Saturday, December 31, 2011

[Working Title*] Yay Me

It is the end of 2011.

And while that won't make much difference to aspects of everyday life such as whether to give the kids weetbix or rice bubbles for breakfast, and who had the Dora doll first, it does mean I can take stock of the last year and see what I actually managed to achieve in terms of my journey to becoming a writer.

I started the year by finding out I had won first place in a local writing competition, run by the West Australian newspaper.  It was the first time I had won something and the first time I saw my name in print. 

And I liked it.

I still remember the phonecall saying that I had won and to look out for my story the following day.  I was so excited I was jumping up and down on the spot, not very subtle considering I was standing on the creaky floorboards.  I am sure the woman heard every single juvenile jump, not to mention the smile which was threatening to burst the phone apart. 

Then in June I applied for a writing job at Weekend Notes and started doing reviews for them, mainly restaurants and things involving food. My speciality. Seven months and 38 articles later, I am ranked in their Top 10 (Perth) writers and have even earned a few hundred dollars.  This in no way covers the cost of all the breakfasts, lunch and dinners I have been eating**, but I am prepared to overlook this as it's all in the name of research. Right?

I returned to uni this year and completed two fabulous units - Creative Non-Fiction and Feature Writing for Magazines.  Thanks to some inspirational and generous people who allowed me to tell their stories about miscarriage, grief and loss, I wrote two articles which are hopefully being considered for publication. Part of me felt unworthy of being the translator of these intense and personal stories of loss, as thankfully, I had never been in their shoes.  Yet, the response I got from the articles, from those who had lived them, made me realise that I want to spend more time writing about topics people shy away from, ones they consider too taboo, too sad or too hard.  Because there is a strength that can be gained in knowing that you are not alone.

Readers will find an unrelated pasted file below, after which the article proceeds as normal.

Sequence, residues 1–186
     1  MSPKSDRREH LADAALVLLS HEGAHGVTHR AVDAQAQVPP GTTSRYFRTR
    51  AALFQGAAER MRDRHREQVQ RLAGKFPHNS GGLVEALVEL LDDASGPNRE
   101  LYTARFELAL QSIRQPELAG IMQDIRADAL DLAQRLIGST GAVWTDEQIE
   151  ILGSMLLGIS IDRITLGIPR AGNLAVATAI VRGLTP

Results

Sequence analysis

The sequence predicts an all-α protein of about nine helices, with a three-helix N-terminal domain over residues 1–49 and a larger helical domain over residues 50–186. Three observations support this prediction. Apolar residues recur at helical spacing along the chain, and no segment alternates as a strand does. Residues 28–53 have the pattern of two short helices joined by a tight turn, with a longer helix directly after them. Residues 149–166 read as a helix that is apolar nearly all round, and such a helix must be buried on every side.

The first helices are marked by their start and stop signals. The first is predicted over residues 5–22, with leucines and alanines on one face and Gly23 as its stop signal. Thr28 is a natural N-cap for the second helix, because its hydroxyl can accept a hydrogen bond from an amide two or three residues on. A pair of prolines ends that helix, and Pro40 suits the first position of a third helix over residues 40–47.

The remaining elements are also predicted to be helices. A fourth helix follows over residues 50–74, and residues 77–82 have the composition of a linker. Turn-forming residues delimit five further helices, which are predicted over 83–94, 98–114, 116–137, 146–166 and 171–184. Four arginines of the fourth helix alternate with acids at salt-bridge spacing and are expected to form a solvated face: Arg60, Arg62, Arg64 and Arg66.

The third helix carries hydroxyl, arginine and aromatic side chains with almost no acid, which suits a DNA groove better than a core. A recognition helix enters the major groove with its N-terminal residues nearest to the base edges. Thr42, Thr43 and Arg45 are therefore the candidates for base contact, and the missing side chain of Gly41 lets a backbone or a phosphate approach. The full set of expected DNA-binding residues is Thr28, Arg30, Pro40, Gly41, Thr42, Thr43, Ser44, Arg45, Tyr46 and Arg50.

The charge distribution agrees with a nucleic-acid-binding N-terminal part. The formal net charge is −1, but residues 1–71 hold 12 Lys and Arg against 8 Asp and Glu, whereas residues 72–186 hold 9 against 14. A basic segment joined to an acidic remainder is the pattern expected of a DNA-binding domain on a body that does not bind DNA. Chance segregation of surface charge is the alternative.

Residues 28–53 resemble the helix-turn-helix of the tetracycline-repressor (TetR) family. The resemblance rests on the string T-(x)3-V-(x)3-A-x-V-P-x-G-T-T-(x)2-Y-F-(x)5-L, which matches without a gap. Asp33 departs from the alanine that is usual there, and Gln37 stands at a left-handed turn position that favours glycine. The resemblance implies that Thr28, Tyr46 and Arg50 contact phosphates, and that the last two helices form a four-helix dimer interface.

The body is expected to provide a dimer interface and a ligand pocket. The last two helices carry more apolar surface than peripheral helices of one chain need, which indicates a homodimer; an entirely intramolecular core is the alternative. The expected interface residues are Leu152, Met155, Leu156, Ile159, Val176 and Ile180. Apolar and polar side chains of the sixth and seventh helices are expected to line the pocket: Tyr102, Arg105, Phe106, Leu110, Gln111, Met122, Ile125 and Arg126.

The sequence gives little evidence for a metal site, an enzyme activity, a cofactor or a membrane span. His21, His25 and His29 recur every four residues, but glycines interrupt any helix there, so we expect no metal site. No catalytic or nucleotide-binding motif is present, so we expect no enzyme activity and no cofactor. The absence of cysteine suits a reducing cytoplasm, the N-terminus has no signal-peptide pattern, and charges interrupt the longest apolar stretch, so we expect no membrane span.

I continued writing my blog, somewhat patchily I will admit due to a four month period of intense sickness.  This will be my 100th post for the year, which has a nice rounded feel to it.  I covered a range of topics including the renovations, Baby Number Three, returning to uni, parenting and my writing journey.  My most popular - and commented upon - posts were about my decision whether to have a third child, and the creepy man at my daughter's kindy who was acting inappropriately. A big thankyou to my friend Rachel from 'Because I Said So' whose site has been responsible for many of my referrals.

So how will I finish the year?  With another big smile on my face.  A phonecall from my Mum this morning alerted me to the fact that another of my short stories was published by the West Australian today (page 46 if you're interested).  I wasn't the winner this year, but at least they got my name right.  


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* I couldn't come up with a better title than 'Yay Me'.  I feel rather self-indulgent today, and if I cannot eat my way through another box of chocolates, at least I can blow my own trumpet for a bit.

** Sincere thanks to my partner in crime Brad, who has sacrificed many a morning to come in search of the ideal breakfast location with me (and more often than not, paid for the privilege).

Monday, December 26, 2011

Ten Rules for A Successful Christmas

How was your Christmas?  Did you manage to survive it without drowning yourself in a carton of brandy-flavoured custard?

I have come through relatively unscathed, however I have developed some rules which I plan to follow next year to make things run a little more smoothly. 

Rule Number 1: Never attempt a new recipe for the first time on Christmas Day.

This should be common sense, but I do tend to get carried away with all the free Christmas magazines that find their way onto my kitchen table at this time of year.  All the recipes look so delicious, so easy, so new and exciting.  Stop. Right. There.  There is a reason why Women's Weekly have 'triple tested' on their front cover.  It takes a couple of attempts to make sure the recipe actually works, that the timing is right, that a major ingredient hasn't been left out, that it is not full of raw onion.  Unless you really hate your family, don't use them as Guinea pigs on Christmas Day.